New York City — The State University of New York Board of Trustees today voted to support a decision by SUNY Downstate Medical Center leadership to seek approval from the state Department of Health to cease operation of University Hospital of Brooklyn at Long Island College Hospital (LICH) as a full-service inpatient hospital facility.
The dire financial situation at Downstate is well-documented, most recently in a state Comptroller’s audit, and the decision to pursue closure was made following a public hearing and extensive discussions with elected officials, community leaders, and other stakeholders. SUNY and Downstate leadership will consult with the community, health care experts, the Department of Health, and others to explore fiscally responsible options to provide general and specialty health care services at or near the current LICH site.
"Our goal is to avoid insolvency for Downstate Medical Center and preserve the 8,000 jobs that depend on its continued operation," said Board Chairman H. Carl McCall. "This difficult decision is the first part of a series of steps that will need to be taken to ensure high quality medical education and healthcare services will continue to be provided for the people of Brooklyn. President Williams and his staff are developing a comprehensive plan that will allow Downstate to maintain its vital services and the Board supports their efforts."
"Downstate Medical Center is one of the country’s largest academic medical centers and is among New York's greatest assets," said SUNY Chancellor Nancy L. Zimpher. "A combination of financial challenges has led to today’s decision, and we are confident that ceasing LICH operations as a full-service inpatient hospital is the right course moving forward."
"Nobody wants to close a hospital but the economic realities at Downstate are too stark to overcome with good intentions alone," said Downstate President John F. Williams "Downstate’s ability to uphold its commitments to students, patients, faculty, staff, and the Brooklyn community is in jeopardy and closing LICH is most fiscally responsible solution at this time."
As the only academic medical center in Brooklyn, Downstate serves more than 2.3 million people who make up one of the most diverse populations in the world. As a public institution, Downstate serves many uninsured and under-insured members of the community, which places an enormous strain on teaching hospitals. Forty-five percent of its patient base is Medicaid-insured and almost two-thirds of inpatient discharges are Medicare or Medicaid patients.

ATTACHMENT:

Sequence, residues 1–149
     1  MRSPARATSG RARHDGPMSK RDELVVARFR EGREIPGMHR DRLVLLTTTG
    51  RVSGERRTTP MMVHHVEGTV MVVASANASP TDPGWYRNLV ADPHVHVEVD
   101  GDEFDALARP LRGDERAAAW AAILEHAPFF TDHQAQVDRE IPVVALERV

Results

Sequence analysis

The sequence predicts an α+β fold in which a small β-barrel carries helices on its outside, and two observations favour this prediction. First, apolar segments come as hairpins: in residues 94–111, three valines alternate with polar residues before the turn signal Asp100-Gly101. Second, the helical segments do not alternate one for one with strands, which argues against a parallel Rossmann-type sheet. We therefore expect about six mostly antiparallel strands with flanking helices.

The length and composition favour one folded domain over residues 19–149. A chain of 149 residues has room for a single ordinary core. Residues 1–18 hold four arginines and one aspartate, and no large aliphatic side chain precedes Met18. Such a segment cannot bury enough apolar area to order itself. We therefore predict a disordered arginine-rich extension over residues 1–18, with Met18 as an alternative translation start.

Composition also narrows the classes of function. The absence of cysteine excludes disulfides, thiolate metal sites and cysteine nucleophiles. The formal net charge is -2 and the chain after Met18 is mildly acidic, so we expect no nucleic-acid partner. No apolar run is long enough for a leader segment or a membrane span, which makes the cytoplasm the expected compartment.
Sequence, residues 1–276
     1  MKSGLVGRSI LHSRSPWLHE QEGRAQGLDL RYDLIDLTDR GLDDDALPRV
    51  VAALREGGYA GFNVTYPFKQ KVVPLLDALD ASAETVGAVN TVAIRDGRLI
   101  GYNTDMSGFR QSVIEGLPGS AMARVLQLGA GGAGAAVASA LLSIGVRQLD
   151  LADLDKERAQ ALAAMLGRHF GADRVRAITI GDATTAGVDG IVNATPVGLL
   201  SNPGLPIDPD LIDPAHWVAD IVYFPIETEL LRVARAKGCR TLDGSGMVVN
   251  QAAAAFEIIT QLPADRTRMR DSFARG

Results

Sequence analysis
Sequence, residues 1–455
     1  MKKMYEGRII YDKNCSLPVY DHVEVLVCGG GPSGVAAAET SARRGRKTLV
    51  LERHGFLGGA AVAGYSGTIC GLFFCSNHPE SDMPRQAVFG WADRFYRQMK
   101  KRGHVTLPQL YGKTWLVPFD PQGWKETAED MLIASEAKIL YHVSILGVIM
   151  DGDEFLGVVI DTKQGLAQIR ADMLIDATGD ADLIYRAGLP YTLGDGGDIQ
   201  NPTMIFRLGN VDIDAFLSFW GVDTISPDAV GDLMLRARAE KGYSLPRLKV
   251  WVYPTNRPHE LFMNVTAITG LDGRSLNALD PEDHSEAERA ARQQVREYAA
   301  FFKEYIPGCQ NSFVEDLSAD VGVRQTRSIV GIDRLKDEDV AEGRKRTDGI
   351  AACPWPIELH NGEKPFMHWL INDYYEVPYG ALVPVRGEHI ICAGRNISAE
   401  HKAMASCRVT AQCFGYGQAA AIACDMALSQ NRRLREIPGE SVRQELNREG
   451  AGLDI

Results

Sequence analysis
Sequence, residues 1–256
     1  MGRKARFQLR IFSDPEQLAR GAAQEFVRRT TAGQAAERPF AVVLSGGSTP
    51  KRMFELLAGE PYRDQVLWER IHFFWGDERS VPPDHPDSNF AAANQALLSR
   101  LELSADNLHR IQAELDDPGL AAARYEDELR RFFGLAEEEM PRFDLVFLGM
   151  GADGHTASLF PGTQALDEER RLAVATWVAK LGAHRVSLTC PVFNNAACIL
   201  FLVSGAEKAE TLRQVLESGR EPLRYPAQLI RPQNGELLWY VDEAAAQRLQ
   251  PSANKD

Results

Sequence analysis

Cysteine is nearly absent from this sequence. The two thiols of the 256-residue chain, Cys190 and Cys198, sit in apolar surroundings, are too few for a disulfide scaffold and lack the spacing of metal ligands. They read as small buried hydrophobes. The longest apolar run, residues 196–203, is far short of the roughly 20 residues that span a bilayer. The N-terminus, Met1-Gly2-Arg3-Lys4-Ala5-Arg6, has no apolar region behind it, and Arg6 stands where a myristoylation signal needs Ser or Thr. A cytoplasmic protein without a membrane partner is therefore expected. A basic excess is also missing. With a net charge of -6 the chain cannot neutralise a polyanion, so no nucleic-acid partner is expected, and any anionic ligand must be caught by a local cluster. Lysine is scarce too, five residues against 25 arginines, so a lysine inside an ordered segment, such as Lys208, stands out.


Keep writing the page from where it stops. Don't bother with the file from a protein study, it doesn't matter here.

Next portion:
Founded in 1860, Downstate was the first medical school in the country to bring teaching out of the lecture hall and to the patient’s bedside. A center of innovation and excellence in research and clinical service delivery, Downstate comprises a College of Medicine, Colleges of Nursing and Health Related Professions, a School of Graduate Studies, a School of Public Health, University Hospital of Brooklyn, and an Advanced Biotechnology Park and Biotechnology Incubator.
More physicians practicing in New York City have graduated from Downstate than from any other medical school. One in three physicians practicing in Brooklyn was trained at Downstate; and one in nine physicians in New York City were trained at Downstate.
LICH continues to struggle with a negative margin and low market share. It is projected to end the 2013/14 fiscal year with a significant negative cash balance. This deficit contributes to a larger cumulative deficit projected for Downstate at the end of April.
A recent State Comptroller's Report provides a thorough description of the current financial and operational issues facing Downstate, none of which are disputed by the SUNY Board or Downstate leadership. There are many reasons for the fiscal crisis facing Downstate, including:
- An extremely competitive Brooklyn healthcare market vying for insured patients and an increasing presence of Manhattan based medical centers providing ambulatory care and inpatient services for Brooklyn residents;
- Reductions in reimbursement rate and new payment methodologies by public and private insurers for hospital based care with concurrent growth of uninsured patients;
- The complexities of the State system that limits expeditious decision making and action by SUNY hospitals, including procurement, contracts, capital projects, and state employment rules;
- The high levels of health disparities in the communities which Downstate serves and the high rates of complex chronic disease, largely publicly insured;
- Lack of adequate support from the State to operate a SUNY hospital within the complex regulatory and financial environment of the State system.
About the State University of New York
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